As everyone in the UK rushes out to look for loo rolls, I finished my Shed Roof. The logistician in me says that if the government announces that everyone should be prepared to self-isolate for two weeks, or twelve if you are over seventy, then a system that holds 4-7 days of stock in the supply chain is going to struggle until the unmet demand is satisfied.
Fortunately, the over-seventies are all on the hunt for rich tea biscuits and canned Fray Bentos steak pies, so it hasn’t impacted on our weekly shop for fresh vegetables yet. Someone has already worked out that eggs keep for a long time out of the fridge, so they are a bit thin on the ground. I did some homework by rewatching Day of the Triffids and the excellent Korean documentary, Kingdom.¹ The American rush to the gun stores suddenly makes sense if MHG’s prediction of Zombies are realised.
The British obsession with loo rolls makes sense too, for a nation of dog lovers: One Andrex Puppy loose in the airing cupboard, and that’s half of your stash gone, with no hope of replacement.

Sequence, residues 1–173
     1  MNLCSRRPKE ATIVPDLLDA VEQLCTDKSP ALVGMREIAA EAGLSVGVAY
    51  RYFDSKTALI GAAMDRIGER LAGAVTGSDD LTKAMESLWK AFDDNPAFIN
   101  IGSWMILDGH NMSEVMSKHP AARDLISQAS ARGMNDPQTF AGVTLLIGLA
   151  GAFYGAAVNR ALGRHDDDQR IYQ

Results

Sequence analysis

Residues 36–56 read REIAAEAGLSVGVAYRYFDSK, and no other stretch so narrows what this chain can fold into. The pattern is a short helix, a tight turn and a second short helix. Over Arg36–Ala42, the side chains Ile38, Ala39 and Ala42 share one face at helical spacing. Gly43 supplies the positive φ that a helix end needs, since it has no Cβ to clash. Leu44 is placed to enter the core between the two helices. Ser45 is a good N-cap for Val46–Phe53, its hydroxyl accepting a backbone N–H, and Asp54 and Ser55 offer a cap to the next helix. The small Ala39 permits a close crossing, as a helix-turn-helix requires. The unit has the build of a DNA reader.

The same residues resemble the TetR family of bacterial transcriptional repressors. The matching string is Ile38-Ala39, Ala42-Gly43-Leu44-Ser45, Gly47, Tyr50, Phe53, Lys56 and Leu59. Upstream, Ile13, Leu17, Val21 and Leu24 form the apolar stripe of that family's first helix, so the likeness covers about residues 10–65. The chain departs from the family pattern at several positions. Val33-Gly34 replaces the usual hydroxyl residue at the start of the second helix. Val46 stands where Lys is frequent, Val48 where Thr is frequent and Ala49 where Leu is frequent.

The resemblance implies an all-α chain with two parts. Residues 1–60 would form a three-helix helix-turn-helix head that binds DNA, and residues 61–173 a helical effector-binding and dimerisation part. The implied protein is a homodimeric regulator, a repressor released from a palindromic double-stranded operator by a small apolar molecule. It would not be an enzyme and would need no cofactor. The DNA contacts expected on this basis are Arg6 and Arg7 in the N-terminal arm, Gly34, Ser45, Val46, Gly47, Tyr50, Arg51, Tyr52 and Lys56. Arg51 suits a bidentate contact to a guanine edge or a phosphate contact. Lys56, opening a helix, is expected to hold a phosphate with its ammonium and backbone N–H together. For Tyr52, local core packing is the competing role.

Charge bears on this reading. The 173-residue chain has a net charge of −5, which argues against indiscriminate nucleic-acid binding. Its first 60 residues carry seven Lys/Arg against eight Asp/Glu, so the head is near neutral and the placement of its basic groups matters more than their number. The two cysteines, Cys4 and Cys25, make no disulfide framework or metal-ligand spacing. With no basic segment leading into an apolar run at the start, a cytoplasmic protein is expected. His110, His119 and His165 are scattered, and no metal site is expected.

Of course, the weather was unrelentingly wet, windy and cold for the majority of the build, but it turned fine for the last two days of bitumen painting and felting, so did not hold progress up unduly. I am now the proud owner of a pitched roof, turning Shed du Soleil into something more resembling a beach hut. Roll on summer!
- Away from the headlines and Twitter storms, the NHS primary care system is clearing the decks of routine appointments and the normal focus on preventative medicine, to be better able to cope with the peak of the epidemic. Inevitably, this means that some conditions not preventatively treated now, will need more intensive reactive treatment later. If you were thinking of having a traffic accident or falling off a wobbly ladder, now would be a bad time to do it. Ignore the mainstream media focus on secondary care, the government has got it broadly right in its approach.